My sister's friend's sister is a nurse at a hospital clinic and swears (so my sister says) that this is a true story: a guy and his wife, college-age and recently married, come in because she's having persistent nausea and bloating. The nurse takes a urine sample, the doctor checks her over, and when the results come back, the doctor says, "Just what I thought. You're pregnant."
"Oh, no, I can't be," she answers. "We're using the pill."
"Hmm," says the doctor. "How long have you been on it?"
She glances at her husband. "Well, I first started taking it six months ago, but it made me sick, so he's been taking it since then."
Among other things, one moral of this story is that no matter how much guys and their partners have been attempting or evading conception, the exact moment they find out they're pregnant is always a surprise. Besides this common element, however, no two stories are the same. To infinitely varying degrees, guys want the baby, love their partners, understand the biochemistry of oral contraception, and feel ready for fatherhood.
This all sounds obvious, yet the common assumption seems to be that future dads have neat, simplistic feelings about fatherhood. A couple months into my wife Leah's pregnancy, on one of our first visits to the maternity clinic, the consulting nurse asked Leah how she felt about having a baby. The nurse listened attentively for a few minutes, then turned to me.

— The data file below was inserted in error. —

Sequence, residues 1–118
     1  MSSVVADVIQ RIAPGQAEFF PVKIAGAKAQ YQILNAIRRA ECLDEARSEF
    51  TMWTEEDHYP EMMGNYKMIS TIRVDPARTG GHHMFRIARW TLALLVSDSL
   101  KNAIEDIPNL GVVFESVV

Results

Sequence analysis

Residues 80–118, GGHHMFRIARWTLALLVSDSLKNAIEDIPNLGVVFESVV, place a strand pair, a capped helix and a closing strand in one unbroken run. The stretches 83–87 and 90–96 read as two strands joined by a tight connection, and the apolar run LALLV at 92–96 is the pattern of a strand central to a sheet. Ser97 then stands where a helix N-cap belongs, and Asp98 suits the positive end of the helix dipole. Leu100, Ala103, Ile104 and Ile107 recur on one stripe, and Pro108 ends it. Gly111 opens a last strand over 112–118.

"And how is Dad feeling? Excited?" Her eyebrows lifted and mouth opened, poised for my agreement. I'd heard that same question too many times already that week, and my face must have shown it. But before I could reply, she added, "Nervous?"
The truth, which I didn't try to explain right then, is that I needed more than two choices. I think most guys who take inventory of their responses to their partners' pregnancies might realize that their feelings are actually complex, perhaps even a bit conflicting. That's what I found as I wrote down my own story...
It starts in August, when, after three years of marriage, Leah and I fulfilled her unwritten pre-nuptial to move to her hometown of Perth, Australia. It's a great city, and Leah's family is wonderful, but after four months I found myself doing odd jobs while looking for steady work editing, writing, or teaching—any of the things I'd done back in my home state of Utah. Obviously, this wasn't the kind of income we wanted to start a family on, but we'd already been trying before we moved and decided that perhaps reverse psychology would work: start the family and the job will come.